It’s necessarily fair to compare a new show or movie to one that came before in a review. But since we are getting far more reboots, reimaginings and retreads these days, it’s inevitable to do so. Take for example, Spider-Man’s film trilogy starting over after just a decade. “Amazing Spider-Man” wasn’t a bad movie, but comparing it to the first Spider-Man still in our memories just hurts its chances. In animation, the same thing happened when Ultimate Spider-Man replaced the beloved Spectacular Spider-Man.
I’m pleased to report that Avengers Assemble is much, much closer in tone to The Avengers: Earth’s Mightiest Heroes than Ultimate Spider-Man was to Spectacular. No characters in Avengers Assemble broke the fourth wall, so that’s a bonus.
Still, diehard comic faithful loved EMH. Any show stepping into its form-fitting spandex must justify its existence as far as we’re concerned. Jeph Loeb, Head of Marvel Television, says to think of this like a new creative team taking over a comic book. That, of course, makes it seem like readers don’t run for pitchforks and torches then too.
Avengers Assemble starts much as Loeb described it. There are no origin stories here. It’s assumed you have some knowledge of who The Avengers are and what they do. Even the team’s newest member, The Falcon, gets all of one minute’s backstory. The team hasn’t been working together for a little while and according to Tony Stark, the Earth is just fine. Things change when Captain America goes missing.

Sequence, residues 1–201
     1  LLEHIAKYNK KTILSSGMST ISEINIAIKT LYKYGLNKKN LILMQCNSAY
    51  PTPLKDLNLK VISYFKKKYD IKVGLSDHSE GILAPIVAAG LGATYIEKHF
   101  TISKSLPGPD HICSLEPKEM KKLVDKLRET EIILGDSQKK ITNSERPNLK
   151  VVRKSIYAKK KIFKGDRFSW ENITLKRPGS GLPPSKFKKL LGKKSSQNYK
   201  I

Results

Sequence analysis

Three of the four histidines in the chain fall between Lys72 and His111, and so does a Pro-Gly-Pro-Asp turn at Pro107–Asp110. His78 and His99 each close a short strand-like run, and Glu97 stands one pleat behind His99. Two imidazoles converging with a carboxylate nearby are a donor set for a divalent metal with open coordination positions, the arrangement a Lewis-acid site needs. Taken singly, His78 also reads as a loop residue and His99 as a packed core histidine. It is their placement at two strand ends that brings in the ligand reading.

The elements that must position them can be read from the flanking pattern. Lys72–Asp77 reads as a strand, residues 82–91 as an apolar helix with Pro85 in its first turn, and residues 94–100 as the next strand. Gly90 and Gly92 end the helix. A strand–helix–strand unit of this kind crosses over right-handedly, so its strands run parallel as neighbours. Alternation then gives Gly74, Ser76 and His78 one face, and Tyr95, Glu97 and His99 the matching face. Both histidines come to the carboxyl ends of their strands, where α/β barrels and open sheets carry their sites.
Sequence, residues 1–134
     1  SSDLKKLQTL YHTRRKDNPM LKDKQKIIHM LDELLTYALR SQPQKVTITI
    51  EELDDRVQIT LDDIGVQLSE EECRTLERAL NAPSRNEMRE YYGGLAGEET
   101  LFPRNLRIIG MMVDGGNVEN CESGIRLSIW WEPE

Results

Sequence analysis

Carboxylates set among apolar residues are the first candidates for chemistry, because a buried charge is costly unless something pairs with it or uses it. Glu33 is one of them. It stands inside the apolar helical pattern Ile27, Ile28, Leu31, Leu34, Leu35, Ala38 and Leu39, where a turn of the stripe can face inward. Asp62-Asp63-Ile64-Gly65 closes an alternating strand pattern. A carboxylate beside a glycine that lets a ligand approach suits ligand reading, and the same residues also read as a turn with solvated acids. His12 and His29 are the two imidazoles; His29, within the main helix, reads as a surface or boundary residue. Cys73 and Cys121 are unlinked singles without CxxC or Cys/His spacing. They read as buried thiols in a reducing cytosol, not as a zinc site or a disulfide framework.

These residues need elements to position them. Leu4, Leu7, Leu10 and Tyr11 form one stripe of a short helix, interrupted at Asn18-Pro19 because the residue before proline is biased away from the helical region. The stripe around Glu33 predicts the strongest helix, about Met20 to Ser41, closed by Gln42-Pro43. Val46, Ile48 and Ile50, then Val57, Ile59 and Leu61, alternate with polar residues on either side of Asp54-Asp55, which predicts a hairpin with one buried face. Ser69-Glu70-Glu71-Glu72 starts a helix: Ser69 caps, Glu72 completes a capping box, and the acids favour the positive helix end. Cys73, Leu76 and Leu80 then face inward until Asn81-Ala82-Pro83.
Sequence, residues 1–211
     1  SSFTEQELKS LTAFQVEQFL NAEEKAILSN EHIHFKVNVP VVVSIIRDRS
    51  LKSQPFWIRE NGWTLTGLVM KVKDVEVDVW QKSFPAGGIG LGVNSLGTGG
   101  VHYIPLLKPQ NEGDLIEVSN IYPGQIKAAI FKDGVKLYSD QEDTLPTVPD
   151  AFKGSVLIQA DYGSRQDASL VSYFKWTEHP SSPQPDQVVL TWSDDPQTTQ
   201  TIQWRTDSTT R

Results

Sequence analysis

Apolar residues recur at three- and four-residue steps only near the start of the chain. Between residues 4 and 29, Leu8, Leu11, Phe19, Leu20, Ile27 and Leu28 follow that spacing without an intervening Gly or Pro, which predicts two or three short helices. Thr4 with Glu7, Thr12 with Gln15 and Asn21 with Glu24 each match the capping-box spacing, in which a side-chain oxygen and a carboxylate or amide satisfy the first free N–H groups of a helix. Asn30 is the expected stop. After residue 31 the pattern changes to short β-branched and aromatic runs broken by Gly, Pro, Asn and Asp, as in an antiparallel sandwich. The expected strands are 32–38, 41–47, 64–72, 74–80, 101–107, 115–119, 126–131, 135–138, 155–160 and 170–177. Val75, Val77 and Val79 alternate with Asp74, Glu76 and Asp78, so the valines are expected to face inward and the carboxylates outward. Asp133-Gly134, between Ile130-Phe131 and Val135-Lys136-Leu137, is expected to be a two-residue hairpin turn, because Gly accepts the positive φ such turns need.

I talked earlier about this show having to justify its existence. Disney’s reasons are clear: it wanted a team and tone that reflects its film universe. That means Hawkeye and Black Widow must have more to do, and Hawkeye needs to lose his old mask and put on some cool shades. These are two characters that have had to justify their existence truthfully. More than one review of “The Avengers” asked the same question I’ve heard in comic shops for years. Does the team with The Hulk and Thor really need the guy with a bow and arrow?
Without giving too much away, the answer here is that the mortals see things the godlike beings don’t. I’m hoping this doesn’t get to Batman constantly carrying the Justice League levels, because Hawkeye and Widow are no Batman. It isn’t just about their powers or lack thereof. Captain America doesn’t technically have superpowers. But as the premiere ep captures, this is not the same team without him. Even Hulk is worried when Cap’s missing.
The Falcon is one of the best reasons for an established animated property to have a fresh start. True, they could have just introduced him in EMH without having a whole new show. Seeing him debut here gives the whole thing a “new comic book arc” feel. One of the first things any new writer does is shake up the team.
There’s the matter of diversity, too. Growing up a young black kid reading comics, there were not a whole lot of characters that looked like me. The ones that did were often stereotypes, and it seemed mandatory for them to have “Black” in their name somewhere. The Avengers were like every other comic created 50 or so years ago, with not much minority representation. I can’t really argue against Falcon’s inclusion.
Overall, Avengers Assemble blends action and humor for a fun way to spend 30 minutes. The first episode ended in a cliffhanger reminiscent of a comic book’s last panel. Kids seeing the characters for the first time and adults who know what issue Batroc The Leaper first appeared in can enjoy it together. Those worried it would pander to kiddoes as hard as Ultimate Spider-Man does can breathe a sigh of relief.
Disney could be on to something here. Restarting every time things get stagnant would be fun. This team is tied to the film universe. In two or three seasons, they could do something completely different.